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Press Release 10-149

Marine Scientists, Students Find Widespread Floating Plastic Debris in North Atlantic Ocean

Undergraduates working through the Sea Education Association (SEA) play major role in discovery

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Map showing 6,100 offshore locations where students of SEA collected pieces of plastic.

Students at SEA collected tens of thousands of plastic pieces at 6,100 offshore locations.

Credit: Sea Education Association


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Photo of the SEA ship Corwith Cramer with all her sails set.

The SEA ship Corwith Cramer with all her sails set; the research was done aboard the Cramer.

Credit: SEA/Roman Shor


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Photo of the surface plankton net used to sample marine organisms and plastic debris.

Close-up of the surface plankton net used to sample marine organisms and plastic debris.

Credit: SEA/Leslie Peate


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Photo of a hiking boot floating in the North Atlantic subtropical gyre.

A hiking boot floating in the North Atlantic subtropical gyre, as this whirling current is known.

Credit: SEA/David M. Lawrence


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Photo showing discarded bits of floating plastic brought up by a net-tow.

A net-tow brings in unwelcome objects from the sea: discarded bits of floating plastic.

Credit: SEA/Giora Proskurowski


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Photo showing hand-picking of plastic pieces millimeters in size.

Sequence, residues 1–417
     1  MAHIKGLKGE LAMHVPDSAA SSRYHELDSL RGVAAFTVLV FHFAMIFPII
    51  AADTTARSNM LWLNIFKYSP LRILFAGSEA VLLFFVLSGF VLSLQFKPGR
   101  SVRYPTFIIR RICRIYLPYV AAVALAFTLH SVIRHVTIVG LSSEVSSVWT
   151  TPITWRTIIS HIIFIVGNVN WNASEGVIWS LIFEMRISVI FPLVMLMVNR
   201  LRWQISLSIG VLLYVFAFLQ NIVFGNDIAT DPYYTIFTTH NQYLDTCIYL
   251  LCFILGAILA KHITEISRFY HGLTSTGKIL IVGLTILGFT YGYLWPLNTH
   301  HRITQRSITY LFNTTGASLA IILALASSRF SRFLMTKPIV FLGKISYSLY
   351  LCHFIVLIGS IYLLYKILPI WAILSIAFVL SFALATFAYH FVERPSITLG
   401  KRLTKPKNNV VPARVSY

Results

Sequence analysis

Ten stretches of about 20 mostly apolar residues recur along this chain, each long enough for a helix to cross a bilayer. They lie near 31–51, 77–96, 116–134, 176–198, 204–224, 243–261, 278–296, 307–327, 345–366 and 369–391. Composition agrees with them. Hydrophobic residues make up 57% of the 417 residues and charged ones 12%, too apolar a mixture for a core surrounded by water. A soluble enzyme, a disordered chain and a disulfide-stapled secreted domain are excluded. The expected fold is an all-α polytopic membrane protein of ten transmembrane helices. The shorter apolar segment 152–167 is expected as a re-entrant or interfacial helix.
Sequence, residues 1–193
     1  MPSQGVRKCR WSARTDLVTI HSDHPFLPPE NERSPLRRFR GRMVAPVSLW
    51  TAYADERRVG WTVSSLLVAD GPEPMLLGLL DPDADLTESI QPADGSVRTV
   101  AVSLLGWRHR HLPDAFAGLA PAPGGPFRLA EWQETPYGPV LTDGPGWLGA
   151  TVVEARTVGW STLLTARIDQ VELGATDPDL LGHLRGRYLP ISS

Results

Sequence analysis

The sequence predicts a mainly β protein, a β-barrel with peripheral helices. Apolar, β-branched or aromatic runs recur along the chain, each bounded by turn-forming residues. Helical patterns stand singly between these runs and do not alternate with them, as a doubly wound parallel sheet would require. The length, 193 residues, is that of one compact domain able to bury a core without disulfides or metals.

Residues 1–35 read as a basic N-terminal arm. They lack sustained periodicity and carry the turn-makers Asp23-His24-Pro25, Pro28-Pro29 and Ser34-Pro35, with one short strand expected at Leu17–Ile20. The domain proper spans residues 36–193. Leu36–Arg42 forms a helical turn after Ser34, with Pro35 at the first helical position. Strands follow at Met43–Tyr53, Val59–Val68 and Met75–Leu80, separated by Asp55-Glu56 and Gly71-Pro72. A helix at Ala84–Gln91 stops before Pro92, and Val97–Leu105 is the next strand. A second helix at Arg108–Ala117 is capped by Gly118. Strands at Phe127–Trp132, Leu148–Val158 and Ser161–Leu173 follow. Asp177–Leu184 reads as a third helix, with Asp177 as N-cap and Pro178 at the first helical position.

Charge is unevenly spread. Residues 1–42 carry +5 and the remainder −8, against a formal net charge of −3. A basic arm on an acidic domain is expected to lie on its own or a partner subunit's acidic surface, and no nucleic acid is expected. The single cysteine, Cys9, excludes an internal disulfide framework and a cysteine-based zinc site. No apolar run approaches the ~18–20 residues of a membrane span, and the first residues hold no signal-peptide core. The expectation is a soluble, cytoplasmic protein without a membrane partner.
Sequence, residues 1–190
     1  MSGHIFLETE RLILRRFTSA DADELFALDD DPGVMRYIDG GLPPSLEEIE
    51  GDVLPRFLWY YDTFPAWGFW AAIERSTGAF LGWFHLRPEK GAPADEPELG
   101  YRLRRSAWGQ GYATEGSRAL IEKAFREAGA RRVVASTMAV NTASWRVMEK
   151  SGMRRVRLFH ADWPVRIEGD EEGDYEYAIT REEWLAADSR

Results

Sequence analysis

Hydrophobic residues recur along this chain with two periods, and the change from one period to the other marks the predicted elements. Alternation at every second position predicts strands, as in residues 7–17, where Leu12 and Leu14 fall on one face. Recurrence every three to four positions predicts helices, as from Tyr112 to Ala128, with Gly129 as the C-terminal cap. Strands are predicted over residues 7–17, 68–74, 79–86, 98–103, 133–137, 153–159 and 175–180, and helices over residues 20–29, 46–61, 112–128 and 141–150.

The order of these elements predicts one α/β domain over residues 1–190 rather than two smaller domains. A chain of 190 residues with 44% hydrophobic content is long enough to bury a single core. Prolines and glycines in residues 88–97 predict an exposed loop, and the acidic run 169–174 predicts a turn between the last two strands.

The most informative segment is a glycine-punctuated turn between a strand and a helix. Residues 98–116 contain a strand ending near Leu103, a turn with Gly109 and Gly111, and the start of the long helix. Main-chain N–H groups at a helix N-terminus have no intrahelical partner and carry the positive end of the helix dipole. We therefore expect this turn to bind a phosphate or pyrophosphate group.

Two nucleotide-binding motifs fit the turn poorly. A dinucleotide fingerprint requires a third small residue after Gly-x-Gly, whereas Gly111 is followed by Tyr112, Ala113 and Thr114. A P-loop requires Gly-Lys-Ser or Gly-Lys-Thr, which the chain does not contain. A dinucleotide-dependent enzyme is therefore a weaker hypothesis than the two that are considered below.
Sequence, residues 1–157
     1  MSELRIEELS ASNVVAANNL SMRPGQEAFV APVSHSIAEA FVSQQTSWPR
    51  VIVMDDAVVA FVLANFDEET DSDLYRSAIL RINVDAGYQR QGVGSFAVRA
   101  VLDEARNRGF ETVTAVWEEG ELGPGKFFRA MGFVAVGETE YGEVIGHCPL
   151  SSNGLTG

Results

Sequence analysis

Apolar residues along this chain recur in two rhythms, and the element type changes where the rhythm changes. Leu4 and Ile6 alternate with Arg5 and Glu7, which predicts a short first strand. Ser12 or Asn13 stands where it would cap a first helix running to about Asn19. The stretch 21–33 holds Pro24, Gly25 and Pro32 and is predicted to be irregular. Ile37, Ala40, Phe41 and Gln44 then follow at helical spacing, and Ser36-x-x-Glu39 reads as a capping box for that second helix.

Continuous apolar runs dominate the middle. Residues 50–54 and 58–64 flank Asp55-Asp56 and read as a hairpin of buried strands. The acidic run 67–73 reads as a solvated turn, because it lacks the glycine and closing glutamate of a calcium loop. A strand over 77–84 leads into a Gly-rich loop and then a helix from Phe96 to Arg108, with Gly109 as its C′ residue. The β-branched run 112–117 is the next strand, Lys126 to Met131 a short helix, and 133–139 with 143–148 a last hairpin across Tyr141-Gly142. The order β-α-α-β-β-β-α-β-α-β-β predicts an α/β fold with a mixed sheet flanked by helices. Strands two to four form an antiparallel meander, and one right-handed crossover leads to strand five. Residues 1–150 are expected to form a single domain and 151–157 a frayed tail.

Plastic pieces millimeters in size are hand-picked from a sample collected with a plankton net.

Credit: SEA/Marilou Maglione


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Photo of a plastic bucket found drifting in the North Atlantic.

This plastic bucket, carrying biological growth and fish, was found drifting in the North Atlantic.

Credit: SEA/Skye Moret


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Photo of two triggerfish caught far from their natural range with the plastic bucket.

Two triggerfish with the plastic bucket were caught hundreds of miles from their natural range.

Credit: SEA/David M. Lawrence


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Photo showing algae and other invertebrates that overgrow floating plastic debris.

Algae and other invertebrates overgrow floating plastic debris.

Credit: SEA/Skye Moret


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Photo of a plankton net towed through the North Atlantic to collect plastic debris.

Birds'-eye-view of a plankton net towed through the North Atlantic to collect plastic debris.

Credit: SEA/Giora Proskurowski


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Cover of the August 20 issue of Science.

The researchers' findings are described in the August 20 issue of the journal Science.

Credit: Copyright AAAS 2010


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